Publisher: Dial Press

Cat’s Cradle by Kurt Vonnegut

Posted July 30, 2013 by Michael @ Knowledge Lost in Book of the Month, Science Fiction / 0 Comments

Cat’s Cradle by Kurt VonnegutTitle: Cat's Cradle (Goodreads)
Author: Kurt Vonnegut
Published: Dial Press, 1963
Pages: 287
Genres: Science Fiction
My Copy: Personal Copy

Buy: AmazonBook DepositoryKindle (or visit your local Indie bookstore)

John (Jonah) is an everyman, he tells us about the times he planned to write a book about America and the importance of what they did the day Hiroshima was bombed. He finds himself involved with the children of Felix Hoenikker (a fictional Nobel laureate physicist and known in the book as the father of the atomic bomb). The Hoenikkers lead him to discover a crystal known as Ice-Nine, which they have kept secret and is an alternative structure of water.

Like most of Kurt Vonnegut’s books that I’ve read (with the exception of Breakfast of Champions) Cat’s Cradle is this bizarre journey that isn’t necessarily enjoyable to read but when you finish the book and reflect you start to see the brilliance. I remember with Slaughterhouse-Five when I ended the book I gave it a 2 star rating; it was just plain weird but the book never left my thoughts. I digested what I had read and began to understand and slowly that rating grew and now I think it is a work of genius.

As Cat’s Cradle begins to twist and turn in true Vonnegut style you eventually end up in the bizarre and fictitious island of San Lorenzon. The book continues with more twists until it becomes apparent that Ice-Nine can be a very destructive material. The novel is laced in  laced with irony and parody, this is part of Vonnegut’s satirical humour and you have to except that he knows what he is doing and let him take you on this journey.

What I think Kurt Vonnegut and the narrator of Cat’s Cradle is trying to tell us as readers is the discovery of Ice-Nine can truly benefit mankind but then you find a military application for it and everything changes. This is a warning, with the amazing advances in technology without any growth in an ethical awareness human annihilation is a real possibility. Vonnegut was living in the Nuclear age when this book was written, the threats felt real and it was what had most people worried. The confrontation between technology and morality is ever present within this modern classic.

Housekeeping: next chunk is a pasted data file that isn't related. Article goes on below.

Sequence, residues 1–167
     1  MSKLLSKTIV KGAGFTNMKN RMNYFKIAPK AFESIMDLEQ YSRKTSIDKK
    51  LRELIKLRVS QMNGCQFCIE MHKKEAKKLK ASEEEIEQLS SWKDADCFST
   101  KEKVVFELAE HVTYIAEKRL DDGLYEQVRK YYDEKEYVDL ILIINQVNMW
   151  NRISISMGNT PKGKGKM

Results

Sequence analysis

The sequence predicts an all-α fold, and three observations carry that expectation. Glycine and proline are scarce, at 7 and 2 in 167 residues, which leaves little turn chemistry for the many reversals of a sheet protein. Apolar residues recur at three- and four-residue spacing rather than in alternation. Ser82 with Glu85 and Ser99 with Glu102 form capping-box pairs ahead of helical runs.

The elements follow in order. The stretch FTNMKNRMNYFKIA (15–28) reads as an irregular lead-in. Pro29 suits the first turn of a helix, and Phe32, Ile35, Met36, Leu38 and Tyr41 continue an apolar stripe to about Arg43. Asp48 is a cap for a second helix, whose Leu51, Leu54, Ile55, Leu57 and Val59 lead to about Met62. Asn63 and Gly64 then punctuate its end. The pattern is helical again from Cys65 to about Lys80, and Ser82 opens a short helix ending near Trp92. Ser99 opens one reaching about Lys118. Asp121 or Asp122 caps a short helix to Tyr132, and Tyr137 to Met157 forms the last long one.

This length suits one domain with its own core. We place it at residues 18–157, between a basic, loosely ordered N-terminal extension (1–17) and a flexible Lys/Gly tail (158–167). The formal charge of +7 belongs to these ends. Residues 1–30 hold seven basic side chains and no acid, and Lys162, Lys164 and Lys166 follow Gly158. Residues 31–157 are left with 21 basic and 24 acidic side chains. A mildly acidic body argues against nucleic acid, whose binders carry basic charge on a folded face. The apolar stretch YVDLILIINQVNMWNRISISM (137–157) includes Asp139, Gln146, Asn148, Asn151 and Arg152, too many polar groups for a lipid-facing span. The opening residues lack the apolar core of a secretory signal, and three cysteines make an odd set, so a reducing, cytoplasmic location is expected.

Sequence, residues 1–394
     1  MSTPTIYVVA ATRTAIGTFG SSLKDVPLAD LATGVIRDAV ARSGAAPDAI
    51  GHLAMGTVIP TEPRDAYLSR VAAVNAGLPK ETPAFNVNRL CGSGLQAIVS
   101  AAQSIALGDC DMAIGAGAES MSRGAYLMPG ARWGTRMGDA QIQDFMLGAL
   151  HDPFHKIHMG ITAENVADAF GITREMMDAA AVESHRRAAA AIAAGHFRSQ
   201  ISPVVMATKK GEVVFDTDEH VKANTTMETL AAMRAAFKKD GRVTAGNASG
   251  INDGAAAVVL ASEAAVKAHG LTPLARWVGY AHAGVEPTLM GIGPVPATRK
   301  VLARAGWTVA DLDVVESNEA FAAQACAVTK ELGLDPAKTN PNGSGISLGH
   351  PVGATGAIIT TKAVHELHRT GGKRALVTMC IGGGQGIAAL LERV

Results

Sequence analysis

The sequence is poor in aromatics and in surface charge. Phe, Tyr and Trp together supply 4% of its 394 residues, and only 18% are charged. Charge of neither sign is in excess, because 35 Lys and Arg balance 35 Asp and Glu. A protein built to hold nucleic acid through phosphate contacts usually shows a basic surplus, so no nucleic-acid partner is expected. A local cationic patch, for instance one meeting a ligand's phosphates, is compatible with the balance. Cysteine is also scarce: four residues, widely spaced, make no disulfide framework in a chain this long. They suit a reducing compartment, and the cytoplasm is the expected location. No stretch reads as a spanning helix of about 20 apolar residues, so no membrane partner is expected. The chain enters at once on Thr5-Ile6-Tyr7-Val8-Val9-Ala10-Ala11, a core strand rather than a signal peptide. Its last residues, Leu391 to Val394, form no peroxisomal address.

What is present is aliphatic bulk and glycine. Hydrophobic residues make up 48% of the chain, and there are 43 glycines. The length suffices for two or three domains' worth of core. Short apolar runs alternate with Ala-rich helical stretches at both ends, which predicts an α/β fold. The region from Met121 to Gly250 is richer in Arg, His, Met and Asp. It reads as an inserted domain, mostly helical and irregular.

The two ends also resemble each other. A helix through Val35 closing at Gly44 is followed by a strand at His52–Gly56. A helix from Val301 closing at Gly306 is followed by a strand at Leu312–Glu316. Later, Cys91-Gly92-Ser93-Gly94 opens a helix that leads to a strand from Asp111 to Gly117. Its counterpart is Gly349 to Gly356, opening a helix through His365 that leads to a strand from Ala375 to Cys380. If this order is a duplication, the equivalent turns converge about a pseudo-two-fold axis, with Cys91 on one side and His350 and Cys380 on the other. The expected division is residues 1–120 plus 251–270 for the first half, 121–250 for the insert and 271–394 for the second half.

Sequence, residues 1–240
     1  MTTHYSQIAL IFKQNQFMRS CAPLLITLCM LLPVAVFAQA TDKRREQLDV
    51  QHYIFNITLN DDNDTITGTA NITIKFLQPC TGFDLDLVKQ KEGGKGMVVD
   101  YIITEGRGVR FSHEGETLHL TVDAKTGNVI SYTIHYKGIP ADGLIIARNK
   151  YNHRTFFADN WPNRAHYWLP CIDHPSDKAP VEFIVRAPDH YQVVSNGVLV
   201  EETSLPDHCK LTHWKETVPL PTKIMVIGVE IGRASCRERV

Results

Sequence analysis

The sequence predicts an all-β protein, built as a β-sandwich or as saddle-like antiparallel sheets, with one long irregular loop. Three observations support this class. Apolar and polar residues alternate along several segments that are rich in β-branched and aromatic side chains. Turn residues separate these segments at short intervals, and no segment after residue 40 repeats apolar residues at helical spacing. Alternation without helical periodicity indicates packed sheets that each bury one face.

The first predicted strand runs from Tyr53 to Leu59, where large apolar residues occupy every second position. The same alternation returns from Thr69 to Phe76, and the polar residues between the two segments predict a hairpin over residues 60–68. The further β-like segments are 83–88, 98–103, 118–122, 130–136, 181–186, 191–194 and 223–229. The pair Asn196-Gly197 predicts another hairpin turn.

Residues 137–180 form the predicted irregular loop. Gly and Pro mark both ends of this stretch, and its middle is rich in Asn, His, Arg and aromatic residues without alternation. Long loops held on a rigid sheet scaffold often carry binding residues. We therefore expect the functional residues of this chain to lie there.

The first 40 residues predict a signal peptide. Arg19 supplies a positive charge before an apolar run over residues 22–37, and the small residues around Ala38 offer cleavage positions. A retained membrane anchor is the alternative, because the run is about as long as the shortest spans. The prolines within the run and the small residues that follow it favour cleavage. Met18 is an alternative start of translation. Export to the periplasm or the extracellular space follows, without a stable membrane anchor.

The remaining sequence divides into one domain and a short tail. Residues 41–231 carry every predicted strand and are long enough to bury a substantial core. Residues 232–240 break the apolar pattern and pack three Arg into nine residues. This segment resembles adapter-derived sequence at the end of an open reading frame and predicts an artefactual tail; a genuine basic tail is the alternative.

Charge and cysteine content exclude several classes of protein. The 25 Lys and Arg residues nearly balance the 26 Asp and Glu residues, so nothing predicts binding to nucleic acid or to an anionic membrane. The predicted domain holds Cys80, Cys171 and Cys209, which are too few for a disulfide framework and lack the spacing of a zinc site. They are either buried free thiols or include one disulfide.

But there is a parallel (but similar) message running through Cat’s Cradle as well. John is often known as Jonah in the novel and you have to think biblical for this one. Jonah is a biblical prophet that goes to Nineveh (after much drama) and tells them of their destruction. The people repent and God takes pity on them and the city is spared. A symbolic message; a cautionary warning to the readers of Jonah’s (aka John) prophetic findings that could lead to the end of the world.

In true Vonnegut form, this book will take you on an interesting ride with no possible way of predicting the outcome. The book satirises science, technology, the arms race and even organised religion in this classic post-modern sci-fi novel. It is always hard to talk about a Vonnegut book or even try to explain his literary style, but if you like a dark comedy, science fiction or satire novel then Kurt Vonnegut is always a good choice. I would recommend starting with Slaughterhouse-Five as that is probably considered his magnum opus.  Although I wasn’t a fan of Breakfast of Champions, I feel like I’m a true fan of what Vonnegut does and Cat’s Cradle is a good example of that.